Put It to the Test
On a Friday afternoon, Texas Co-op Power staff and friends gathered to sample and rate different types of steak. We purchased a few each of Choice, Prime and Wagyu New York strips to compare. (The Choice and Prime were Certified Grass-Fed Angus purchased from Central Market; the Wagyu was from Yama Beef in East Texas.)
I respectfully asked Dave to follow the grilling directions of Fred Thompson, cookbook author and pit master (see facing page). He grilled the steaks to medium rare.
For most tasters, the biggest difference was between Choice and Prime. While all of us thought the Choice was good, and said we’d certainly serve it at home, we agreed that the Prime steaks were juicier, more tender and had a better overall flavor—definitely worth the price difference. The divide between Prime and Wagyu was more subjective, and split along gender lines. The men noticed a difference, particularly in flavor, but agreed that “for the price,” they liked the Prime better. The women said they could “taste the fat” in the Wagyu beef—in a good way. We found it more succulent and more flavorful. However, unless for a very special occasion, we agreed that our pocketbooks were more comfortable with the price of Prime.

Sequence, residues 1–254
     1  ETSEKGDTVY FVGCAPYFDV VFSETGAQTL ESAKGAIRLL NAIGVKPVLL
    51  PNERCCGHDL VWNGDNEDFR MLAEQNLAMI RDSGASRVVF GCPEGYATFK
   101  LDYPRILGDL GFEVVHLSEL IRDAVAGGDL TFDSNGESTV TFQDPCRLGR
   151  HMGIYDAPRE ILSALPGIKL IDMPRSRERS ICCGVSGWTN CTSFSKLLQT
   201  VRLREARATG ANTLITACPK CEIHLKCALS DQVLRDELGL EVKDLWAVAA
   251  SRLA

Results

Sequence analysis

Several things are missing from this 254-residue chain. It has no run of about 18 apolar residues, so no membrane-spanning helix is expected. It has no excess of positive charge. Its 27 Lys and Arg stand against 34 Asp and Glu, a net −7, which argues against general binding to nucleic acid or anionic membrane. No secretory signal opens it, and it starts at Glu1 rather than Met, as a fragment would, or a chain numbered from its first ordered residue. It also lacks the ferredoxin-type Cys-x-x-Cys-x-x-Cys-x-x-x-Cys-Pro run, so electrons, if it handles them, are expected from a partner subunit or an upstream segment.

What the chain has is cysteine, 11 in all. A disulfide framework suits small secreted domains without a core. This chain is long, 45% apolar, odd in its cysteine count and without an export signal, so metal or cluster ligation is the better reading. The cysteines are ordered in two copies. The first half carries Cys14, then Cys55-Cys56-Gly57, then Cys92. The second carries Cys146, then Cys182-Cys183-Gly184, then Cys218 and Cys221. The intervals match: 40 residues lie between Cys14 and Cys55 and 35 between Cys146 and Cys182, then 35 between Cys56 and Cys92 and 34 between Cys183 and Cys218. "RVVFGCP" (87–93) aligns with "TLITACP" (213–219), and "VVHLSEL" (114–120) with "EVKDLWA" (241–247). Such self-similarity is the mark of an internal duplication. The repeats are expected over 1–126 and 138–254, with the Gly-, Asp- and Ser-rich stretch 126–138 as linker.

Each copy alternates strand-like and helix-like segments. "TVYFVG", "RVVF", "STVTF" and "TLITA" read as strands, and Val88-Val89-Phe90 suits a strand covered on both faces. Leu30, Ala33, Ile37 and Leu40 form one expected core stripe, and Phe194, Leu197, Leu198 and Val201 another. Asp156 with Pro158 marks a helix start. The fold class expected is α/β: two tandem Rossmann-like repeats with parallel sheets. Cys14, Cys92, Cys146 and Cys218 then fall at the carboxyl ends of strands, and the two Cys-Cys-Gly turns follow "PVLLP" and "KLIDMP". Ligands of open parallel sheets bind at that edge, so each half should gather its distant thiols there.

In Fred Thompson’s newest book, Barbecue Nation (The Taunton Press, 2007), he has this to say about grilling steaks:
“Grilling a steak seems simple, but a few home truths need to be observed. Start with the best-quality meat. If you can find American-raised, grass-fed beef that’s Prime or aged, I urge you to purchase it. Look for good marbling: That’s the little white lines of fat running through the solid muscle of the meat. Remember that fat transfers flavor, so check your cholesterol fears at the door.